Case study:Restoration of the Roer for species migration
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- 1 Project overview
- 2 Image gallery
- 3 Catchment and subcatchment
- 4 Site
- 5 Project background
- 6 Reasons for river restoration
- 7 Measures
- 8 Monitoring
- 9 Additional documents and videos
- 10 Additional links and references
- 11 Supplementary Information
|Project web site||http://www.vismigratieroer.nl|
|Themes||Fisheries, Habitat and biodiversity|
|Main contact forename||Peter|
|Main contact surname||Brouwers|
|Main contact user ID|
|Contact organisation||Waterschap Roer en Overmaas|
|Contact organisation web site||http://www.overmaas.nl|
|Parent multi-site project|
| This is a parent project
encompassing the following
The Roer river forms a potential habitat for fish species that migrate between the Meuse and the Roer. The Dutch section of the Roer also forms a route for fish that migrate between the North Sea and the Meuse to their spawning.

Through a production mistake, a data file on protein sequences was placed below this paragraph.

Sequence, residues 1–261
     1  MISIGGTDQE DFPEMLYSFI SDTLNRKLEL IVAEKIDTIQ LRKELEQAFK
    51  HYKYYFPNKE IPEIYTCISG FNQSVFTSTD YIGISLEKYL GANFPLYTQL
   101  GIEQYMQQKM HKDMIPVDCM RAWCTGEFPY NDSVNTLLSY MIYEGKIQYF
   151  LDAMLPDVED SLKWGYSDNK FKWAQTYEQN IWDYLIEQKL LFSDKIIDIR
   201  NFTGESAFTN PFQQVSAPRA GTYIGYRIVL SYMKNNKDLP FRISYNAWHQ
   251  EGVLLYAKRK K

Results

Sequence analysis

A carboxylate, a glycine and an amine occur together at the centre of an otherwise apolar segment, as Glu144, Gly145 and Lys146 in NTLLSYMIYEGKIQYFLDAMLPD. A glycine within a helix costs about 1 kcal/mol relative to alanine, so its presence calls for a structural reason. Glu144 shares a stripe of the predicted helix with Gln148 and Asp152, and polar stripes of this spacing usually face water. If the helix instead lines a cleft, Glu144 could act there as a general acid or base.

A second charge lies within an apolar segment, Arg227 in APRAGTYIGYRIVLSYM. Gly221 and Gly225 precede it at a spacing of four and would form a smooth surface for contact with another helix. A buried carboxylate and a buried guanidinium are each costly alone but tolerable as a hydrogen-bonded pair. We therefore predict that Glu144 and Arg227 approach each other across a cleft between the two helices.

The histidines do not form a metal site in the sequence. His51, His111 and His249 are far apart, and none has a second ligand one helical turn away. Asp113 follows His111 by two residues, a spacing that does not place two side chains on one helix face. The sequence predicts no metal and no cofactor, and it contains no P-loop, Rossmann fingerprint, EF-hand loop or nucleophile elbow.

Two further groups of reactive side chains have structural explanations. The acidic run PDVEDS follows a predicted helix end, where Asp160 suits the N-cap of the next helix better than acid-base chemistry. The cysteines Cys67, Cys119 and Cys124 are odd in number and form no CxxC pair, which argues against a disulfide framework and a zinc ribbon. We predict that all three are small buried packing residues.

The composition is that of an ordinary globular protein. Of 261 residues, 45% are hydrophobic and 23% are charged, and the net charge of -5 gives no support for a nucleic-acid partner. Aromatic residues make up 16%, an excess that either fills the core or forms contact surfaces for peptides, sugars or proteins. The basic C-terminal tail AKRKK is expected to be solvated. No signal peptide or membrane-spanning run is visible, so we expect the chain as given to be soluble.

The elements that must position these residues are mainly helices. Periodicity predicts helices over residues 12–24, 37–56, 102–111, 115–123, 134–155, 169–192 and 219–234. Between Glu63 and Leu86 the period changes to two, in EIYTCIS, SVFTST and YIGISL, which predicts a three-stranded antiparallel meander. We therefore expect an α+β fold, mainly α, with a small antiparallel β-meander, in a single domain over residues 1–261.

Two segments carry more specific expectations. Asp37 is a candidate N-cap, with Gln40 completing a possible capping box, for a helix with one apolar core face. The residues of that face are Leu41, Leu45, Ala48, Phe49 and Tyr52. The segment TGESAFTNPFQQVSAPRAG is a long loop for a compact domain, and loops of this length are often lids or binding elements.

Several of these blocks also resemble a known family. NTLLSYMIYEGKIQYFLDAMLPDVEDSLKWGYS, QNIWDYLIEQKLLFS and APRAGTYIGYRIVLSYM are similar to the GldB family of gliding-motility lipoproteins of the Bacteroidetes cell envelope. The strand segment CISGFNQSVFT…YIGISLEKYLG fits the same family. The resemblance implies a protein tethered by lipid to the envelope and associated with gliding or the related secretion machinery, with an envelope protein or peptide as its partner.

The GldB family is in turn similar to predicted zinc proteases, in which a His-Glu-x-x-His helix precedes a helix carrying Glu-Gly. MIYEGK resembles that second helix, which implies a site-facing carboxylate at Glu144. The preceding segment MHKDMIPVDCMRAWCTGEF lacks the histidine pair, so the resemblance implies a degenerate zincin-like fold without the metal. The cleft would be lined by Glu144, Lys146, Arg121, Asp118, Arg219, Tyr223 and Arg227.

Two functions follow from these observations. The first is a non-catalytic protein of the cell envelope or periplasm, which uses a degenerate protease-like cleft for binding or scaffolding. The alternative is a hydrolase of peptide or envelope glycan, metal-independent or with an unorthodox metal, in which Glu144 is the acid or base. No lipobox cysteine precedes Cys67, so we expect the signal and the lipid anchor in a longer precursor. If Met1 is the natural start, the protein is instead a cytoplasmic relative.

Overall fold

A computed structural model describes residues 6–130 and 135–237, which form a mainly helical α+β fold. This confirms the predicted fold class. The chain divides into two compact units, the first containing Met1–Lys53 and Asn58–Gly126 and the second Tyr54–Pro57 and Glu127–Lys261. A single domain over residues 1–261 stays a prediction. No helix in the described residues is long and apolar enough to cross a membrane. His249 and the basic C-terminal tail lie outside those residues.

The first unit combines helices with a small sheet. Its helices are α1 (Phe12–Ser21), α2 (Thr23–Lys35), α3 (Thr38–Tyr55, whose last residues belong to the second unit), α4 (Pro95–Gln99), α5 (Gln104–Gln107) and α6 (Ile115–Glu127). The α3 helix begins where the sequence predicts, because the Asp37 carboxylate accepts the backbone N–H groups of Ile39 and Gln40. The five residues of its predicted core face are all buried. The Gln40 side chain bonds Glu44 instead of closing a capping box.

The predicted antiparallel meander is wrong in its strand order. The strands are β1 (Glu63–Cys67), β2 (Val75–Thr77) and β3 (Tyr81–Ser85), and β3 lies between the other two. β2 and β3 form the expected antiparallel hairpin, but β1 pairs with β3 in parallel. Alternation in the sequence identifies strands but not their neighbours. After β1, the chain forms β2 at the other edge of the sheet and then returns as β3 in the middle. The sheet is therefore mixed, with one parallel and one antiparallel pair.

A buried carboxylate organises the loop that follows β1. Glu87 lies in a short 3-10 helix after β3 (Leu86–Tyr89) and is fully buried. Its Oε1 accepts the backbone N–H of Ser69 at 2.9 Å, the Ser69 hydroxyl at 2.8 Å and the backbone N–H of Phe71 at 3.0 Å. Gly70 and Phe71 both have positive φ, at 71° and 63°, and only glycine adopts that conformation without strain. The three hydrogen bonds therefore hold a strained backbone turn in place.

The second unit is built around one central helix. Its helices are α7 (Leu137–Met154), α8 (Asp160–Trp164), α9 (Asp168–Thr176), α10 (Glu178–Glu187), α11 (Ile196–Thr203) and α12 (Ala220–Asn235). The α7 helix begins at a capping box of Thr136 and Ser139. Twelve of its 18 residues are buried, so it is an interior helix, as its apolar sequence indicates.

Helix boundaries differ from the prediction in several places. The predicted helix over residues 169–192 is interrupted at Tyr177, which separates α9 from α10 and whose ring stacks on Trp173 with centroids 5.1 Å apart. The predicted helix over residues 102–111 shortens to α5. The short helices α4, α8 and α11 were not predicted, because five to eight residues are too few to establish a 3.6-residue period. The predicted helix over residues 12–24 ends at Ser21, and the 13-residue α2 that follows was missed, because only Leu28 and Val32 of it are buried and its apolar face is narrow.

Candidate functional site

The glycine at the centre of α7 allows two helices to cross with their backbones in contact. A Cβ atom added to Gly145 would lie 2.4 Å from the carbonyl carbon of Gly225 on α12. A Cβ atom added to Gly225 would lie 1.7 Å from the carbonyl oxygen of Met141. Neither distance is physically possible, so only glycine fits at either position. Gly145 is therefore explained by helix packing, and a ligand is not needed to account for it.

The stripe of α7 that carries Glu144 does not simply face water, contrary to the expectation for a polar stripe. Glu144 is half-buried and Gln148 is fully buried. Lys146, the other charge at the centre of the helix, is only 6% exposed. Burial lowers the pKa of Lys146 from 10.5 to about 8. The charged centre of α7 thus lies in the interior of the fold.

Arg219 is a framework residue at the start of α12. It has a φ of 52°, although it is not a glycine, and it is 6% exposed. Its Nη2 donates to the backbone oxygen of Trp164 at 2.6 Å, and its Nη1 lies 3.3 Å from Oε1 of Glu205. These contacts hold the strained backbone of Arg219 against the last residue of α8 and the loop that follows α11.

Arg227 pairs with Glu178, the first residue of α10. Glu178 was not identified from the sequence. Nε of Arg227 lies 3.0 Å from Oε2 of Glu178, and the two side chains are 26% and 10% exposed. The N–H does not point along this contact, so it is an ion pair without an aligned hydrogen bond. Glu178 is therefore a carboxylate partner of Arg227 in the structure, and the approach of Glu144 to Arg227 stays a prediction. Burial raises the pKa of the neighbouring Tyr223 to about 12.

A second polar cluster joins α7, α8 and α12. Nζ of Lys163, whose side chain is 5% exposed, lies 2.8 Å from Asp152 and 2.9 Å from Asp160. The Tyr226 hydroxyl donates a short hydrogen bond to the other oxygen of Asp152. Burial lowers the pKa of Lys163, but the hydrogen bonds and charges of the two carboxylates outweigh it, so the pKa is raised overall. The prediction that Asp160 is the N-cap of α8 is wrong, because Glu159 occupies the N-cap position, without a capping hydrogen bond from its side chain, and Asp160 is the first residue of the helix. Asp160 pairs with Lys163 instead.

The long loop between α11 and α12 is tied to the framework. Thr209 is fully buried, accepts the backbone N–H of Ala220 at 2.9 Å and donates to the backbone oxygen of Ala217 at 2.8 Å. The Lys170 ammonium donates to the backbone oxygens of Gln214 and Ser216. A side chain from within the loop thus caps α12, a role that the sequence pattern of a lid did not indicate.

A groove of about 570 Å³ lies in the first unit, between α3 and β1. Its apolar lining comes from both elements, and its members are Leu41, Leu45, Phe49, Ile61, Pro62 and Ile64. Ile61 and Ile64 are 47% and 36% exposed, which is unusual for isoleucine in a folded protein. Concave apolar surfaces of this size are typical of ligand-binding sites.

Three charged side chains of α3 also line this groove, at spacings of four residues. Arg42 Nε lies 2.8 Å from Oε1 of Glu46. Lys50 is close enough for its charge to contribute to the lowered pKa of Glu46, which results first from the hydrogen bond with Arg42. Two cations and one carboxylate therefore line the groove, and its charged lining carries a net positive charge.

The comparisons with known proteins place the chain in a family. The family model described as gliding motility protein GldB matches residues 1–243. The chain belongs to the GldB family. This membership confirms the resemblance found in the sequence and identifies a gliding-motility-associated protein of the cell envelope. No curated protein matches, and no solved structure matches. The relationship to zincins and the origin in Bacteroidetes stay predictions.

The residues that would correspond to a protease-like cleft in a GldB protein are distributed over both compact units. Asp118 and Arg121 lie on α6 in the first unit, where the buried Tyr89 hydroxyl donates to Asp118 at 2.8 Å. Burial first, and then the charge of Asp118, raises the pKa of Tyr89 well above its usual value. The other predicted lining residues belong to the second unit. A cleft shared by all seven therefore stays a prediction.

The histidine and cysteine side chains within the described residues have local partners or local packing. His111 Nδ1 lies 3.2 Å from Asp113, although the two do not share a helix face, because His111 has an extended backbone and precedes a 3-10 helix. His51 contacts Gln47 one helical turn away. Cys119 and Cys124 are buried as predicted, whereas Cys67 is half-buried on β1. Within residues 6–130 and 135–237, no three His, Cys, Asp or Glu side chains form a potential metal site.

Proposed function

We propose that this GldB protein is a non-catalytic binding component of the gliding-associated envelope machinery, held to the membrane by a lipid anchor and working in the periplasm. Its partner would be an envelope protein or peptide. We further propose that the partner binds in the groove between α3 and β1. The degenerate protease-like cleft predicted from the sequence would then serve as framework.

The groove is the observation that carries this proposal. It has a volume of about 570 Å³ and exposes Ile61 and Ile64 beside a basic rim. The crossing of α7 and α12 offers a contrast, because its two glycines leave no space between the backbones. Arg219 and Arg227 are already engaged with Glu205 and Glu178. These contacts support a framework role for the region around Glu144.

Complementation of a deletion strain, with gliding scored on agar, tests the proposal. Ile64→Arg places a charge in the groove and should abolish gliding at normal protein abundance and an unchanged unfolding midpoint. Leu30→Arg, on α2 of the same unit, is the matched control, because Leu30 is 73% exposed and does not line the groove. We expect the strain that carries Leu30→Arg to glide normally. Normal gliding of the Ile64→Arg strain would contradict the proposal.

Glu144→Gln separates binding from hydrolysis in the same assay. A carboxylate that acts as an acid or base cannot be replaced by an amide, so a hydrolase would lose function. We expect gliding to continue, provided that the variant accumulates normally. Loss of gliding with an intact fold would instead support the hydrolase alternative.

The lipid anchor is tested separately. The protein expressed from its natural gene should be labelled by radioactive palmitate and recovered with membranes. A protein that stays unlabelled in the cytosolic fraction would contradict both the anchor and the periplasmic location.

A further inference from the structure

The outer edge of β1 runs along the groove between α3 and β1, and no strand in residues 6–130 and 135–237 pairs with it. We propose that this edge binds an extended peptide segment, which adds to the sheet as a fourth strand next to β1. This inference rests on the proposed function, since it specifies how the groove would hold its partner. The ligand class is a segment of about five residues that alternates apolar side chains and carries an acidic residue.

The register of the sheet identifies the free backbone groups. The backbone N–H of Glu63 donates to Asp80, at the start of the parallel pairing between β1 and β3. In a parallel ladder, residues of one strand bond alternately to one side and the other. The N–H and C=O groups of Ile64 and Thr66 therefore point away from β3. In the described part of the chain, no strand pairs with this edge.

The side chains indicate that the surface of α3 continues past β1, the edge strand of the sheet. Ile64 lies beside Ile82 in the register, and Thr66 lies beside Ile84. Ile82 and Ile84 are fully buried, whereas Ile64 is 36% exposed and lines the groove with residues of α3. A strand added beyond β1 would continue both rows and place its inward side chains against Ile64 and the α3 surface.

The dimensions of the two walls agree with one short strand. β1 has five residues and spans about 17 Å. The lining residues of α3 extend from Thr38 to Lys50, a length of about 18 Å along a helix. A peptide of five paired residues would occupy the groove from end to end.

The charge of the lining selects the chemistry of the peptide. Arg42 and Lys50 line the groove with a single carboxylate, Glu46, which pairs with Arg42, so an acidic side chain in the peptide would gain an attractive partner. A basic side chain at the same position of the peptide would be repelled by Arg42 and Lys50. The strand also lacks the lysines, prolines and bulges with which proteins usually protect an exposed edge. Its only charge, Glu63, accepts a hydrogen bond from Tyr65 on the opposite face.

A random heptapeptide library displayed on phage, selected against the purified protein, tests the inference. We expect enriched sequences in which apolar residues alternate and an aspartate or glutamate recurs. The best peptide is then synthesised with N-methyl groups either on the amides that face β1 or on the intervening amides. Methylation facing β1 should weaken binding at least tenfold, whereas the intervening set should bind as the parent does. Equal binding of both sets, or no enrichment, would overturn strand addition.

The main aim of the project was to facilitate improved habitat access and migratory conditions in the Roer Delta for Atlantic salmon (Salmo salar) and other Annex II species, namely asp (Aspius aspius), bullhead (Cottus gobio), river lamprey (Lampetra fluviatilis), brook lamprey (Lampetra planeri), sea lamprey (Petromyzon marinus), bitterling (Rhodeus sericeus susbsp. amarus)and weatherfish (Misgurnis fossilis).
A new fish ladder was built in Roermond and the existing fish ladder at Hambeek was improved to increase its effectiveness. These two structures overcome the last remaining obstacles for fish migration between the river Meuse and the Dutch part of the river Roer, thus opening up an improved migratory route for fish from the North Sea to Germany.
Monitoring has confirmed that three of the species targeted by the project (salmon, sea lamprey and European bullhead are using the new Roermond fish ladder. Salmon and sea lamprey have also been recorded using the improved Hambeek migratory facilities and ongoing monitoring by the beneficiary will continue to measure the project’s long term impact on fish populations in the Roer.
Monitoring surveys and results
Catchment and subcatchment
Cost for project phases
Reasons for river restoration
Hydromorphological quality elements
Biological quality elements
Physico-chemical quality elements
Additional documents and videos